I’m reading War and Peace with WOSU’s senior broadcast technician, Eric French. We’re consuming the book in monthly installments, as if we were reading a Charles Dickens novel back in the time, when the Victorian novelist published sequential chapters in weekly periodicals. The version of War and Peace we’re reading is organized into 15 “books” and two epilogues. We’re finishing one “book” per month and then discussing it after a recording session.
This isn’t our first attempt to read the classic behemoth. We tried several years ago, reading simultaneously but without discussion, and we both gave up at book three, or thereabouts. For me, that had to do with the translation. I was reading the Richard Pevear and Larissa Volokhonsky translation, acclaimed for staying pure to Tolstoy’s original, including passages in French. But those passages interrupted the narrative flow, and the rest of the prose felt stiff to me. I didn’t like the reading experience.
Boyd Tonkin’s The 100 Best Novels in Translation spans four centuries, from 1600 to 2000, listing his choices for top 100 novels in translation with the goal “not to lay down the law but point a way and, above all, open a conversation”. He begins with Don Quixote by Miguel de Cervantes and ends with The Feast of the Goat by Mario Vargas Llosa.
The 100 Best Novels in Translation is addictively browsable, and one needs to keep stickies at hand to mark the pages of novels to be read, which likely will be many. Tonkin provides insightful and compelling plot summaries for each of the 100 books, as well as recommended translators. In other words, this isn’t just a best 100 list of global literature; it’s also a guide for which translator to select.
For War and Peace, Tonkin recommends Anthony Briggs. Eric and I are reading what’s often referred to as “the Maudes,” whom Tonkin mentions. (I like the descriptive clause attached to them, as it would seem to provide an extra edge to knowing Tolstoy’s intent.) Here’s Tonkin’s explanation:
Translation: Napoleonic battle lines divide the partisans of War and Peace‘s translators. Anthony Briggs (2005) is sturdy, readable, reliable, colloquial. The more radical Richard Pevear and Larissa Volokohnsky (2007) have many champions — as do Louise and Aylmer Made, who worked with Tolstoy.
Translators determine how the prose is transformed into English, from smoothing out complex idioms and fixing odd sentence configurations to maintaining the awkwardness for fidelity to the original work. That fidelity is what I couldn’t take from the Pevear-Volokhonsky translation. Despite the fact they are considered the authoritative translators for Russian literature today, trying to get through their version of War and Peace felt like chewing wood. I’m not saying one translation is better than the other — I don’t have that kind of expertise — only that the Maudes gave me the story in a way that allowed me to sink into it.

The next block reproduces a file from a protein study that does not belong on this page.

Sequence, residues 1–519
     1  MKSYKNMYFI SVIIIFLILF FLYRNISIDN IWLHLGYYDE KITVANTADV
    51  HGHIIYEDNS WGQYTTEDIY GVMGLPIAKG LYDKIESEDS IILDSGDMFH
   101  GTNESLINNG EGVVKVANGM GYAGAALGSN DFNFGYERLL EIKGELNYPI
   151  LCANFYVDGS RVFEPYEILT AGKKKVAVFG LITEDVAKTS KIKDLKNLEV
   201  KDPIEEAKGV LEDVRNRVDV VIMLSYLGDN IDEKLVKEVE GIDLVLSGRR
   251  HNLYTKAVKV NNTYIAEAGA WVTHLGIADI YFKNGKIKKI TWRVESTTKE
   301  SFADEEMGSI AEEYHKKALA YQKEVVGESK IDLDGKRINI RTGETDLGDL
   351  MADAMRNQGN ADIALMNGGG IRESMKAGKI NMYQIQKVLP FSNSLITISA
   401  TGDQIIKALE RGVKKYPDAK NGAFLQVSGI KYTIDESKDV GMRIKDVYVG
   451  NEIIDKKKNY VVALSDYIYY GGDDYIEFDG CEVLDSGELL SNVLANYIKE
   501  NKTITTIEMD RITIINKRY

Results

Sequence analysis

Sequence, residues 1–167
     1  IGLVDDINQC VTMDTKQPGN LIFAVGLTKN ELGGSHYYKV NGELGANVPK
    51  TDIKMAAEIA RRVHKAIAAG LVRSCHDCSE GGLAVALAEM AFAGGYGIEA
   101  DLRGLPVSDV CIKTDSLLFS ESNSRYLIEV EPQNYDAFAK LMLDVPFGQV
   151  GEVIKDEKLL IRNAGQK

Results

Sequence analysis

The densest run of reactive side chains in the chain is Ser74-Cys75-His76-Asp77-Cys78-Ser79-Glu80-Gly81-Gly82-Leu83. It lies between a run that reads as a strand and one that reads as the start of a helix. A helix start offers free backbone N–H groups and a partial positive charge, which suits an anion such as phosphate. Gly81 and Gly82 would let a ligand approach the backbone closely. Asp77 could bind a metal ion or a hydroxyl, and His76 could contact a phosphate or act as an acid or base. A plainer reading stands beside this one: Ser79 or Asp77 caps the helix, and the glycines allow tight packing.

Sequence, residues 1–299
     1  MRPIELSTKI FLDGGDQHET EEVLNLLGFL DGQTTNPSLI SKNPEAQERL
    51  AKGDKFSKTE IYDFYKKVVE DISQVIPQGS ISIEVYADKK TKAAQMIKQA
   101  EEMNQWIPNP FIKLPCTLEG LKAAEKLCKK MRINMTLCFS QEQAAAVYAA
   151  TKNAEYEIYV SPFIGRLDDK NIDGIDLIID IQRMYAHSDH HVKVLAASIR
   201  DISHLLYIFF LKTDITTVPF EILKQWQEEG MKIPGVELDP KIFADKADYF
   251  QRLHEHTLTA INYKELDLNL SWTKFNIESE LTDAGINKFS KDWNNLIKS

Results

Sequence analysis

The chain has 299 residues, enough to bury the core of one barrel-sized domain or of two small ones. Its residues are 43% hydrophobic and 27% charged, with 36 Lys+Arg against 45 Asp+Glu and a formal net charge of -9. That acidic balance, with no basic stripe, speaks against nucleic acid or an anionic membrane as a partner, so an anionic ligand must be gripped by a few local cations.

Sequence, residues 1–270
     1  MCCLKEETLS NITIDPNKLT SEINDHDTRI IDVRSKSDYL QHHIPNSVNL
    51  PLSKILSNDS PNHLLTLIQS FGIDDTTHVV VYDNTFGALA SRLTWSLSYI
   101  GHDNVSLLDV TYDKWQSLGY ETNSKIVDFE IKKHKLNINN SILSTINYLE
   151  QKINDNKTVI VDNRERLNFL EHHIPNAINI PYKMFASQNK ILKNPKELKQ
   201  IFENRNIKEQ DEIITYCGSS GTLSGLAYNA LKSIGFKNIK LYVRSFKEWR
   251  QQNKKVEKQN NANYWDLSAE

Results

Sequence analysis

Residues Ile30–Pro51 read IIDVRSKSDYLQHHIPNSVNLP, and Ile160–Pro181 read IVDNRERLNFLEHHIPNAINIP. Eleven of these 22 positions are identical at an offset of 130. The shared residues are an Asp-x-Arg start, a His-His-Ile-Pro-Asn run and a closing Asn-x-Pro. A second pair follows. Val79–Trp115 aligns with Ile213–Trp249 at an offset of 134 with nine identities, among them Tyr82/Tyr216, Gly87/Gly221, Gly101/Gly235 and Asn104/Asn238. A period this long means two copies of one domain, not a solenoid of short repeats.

From “The Politics of Translation” in the London Review of Books October 11, 2018:
The translator’s choices — between fidelity and re-visioning, between domestication and foreignisation — are distinct, but nevertheless bound up together, because a translation which remains culturally specific, keeping faith with local customs, commodities and allusions, isn’t likely to reach readers as broadly as a version which finds equivalents, and hence smooths out diversity… . Julian Barnes, in a tough and very thorough review of Lydia Davis’s translation of Flaubert, summed up the issue: ‘If you want the book in “English”,’ he asks, ‘what sort of English do you choose? Put simply, on the novel’s first page, do you want the schoolboy Charles Bovary’s trousers to be held up by braces, or do you want his pants to be held up by suspenders?’
As well as taking notes for future reading, I’ve combed Tonkin’s selections for the books I’ve read and compared them to the translators in my library. Some matched, some didn’t. Most surprising for me is that Tonkin does not recommend Lydia Davis for Madame Bovary, who’s widely considered to be among the best. Instead, he recommends Adam Thorpe.
Translation: Among recent versions, those by Lydia Davis and Geoffrey Wall both excel, but the novelist Adam Thorpe (2011) — who, brilliantly, employs only the English vocabulary of Flaubert’s time — achieves a flavour that approaches the dream-like strangeness of Flaubert’s hyper-realism.
For Memoirs of Hadrian by Marguerite Yourcenar, Tonkin recommends Grace Frick, which I have. Is there any other?
Translation: Collaborating with her life partner Grace Frick, Yourcenar helped to produce a fluent, subtle and serene English text in 1955.
Tonkin was literary editor and then senior writer at Britain’s The Independent between 1996 and 2016. During that time he re-founded The Independent Foreign Fiction Prize and co-judged it until it merged with the Man Booker International Prize in 2015. In his introduction to The 100 Best Novels in Translation, Tonkin says he tried keeping to those translations “that are both excellent and straighforward to find.” It’s yet another reason to have this book on hand — not just for his insight into the novels and translators but also for accessibility. Above all, though, this list of 100 offers that wonderful joy of discovery and re-discovery.
See Under: Love by David Grossman is included on Tonkin’s list. When it was first published, it came across my desk for review. It’s still in my bookcase, unread, and yet all these years it’s stayed with me, like some books do when we let them go, knocking at the door to be read. And so, thanks to coming upon it in this 100 best list, it will be.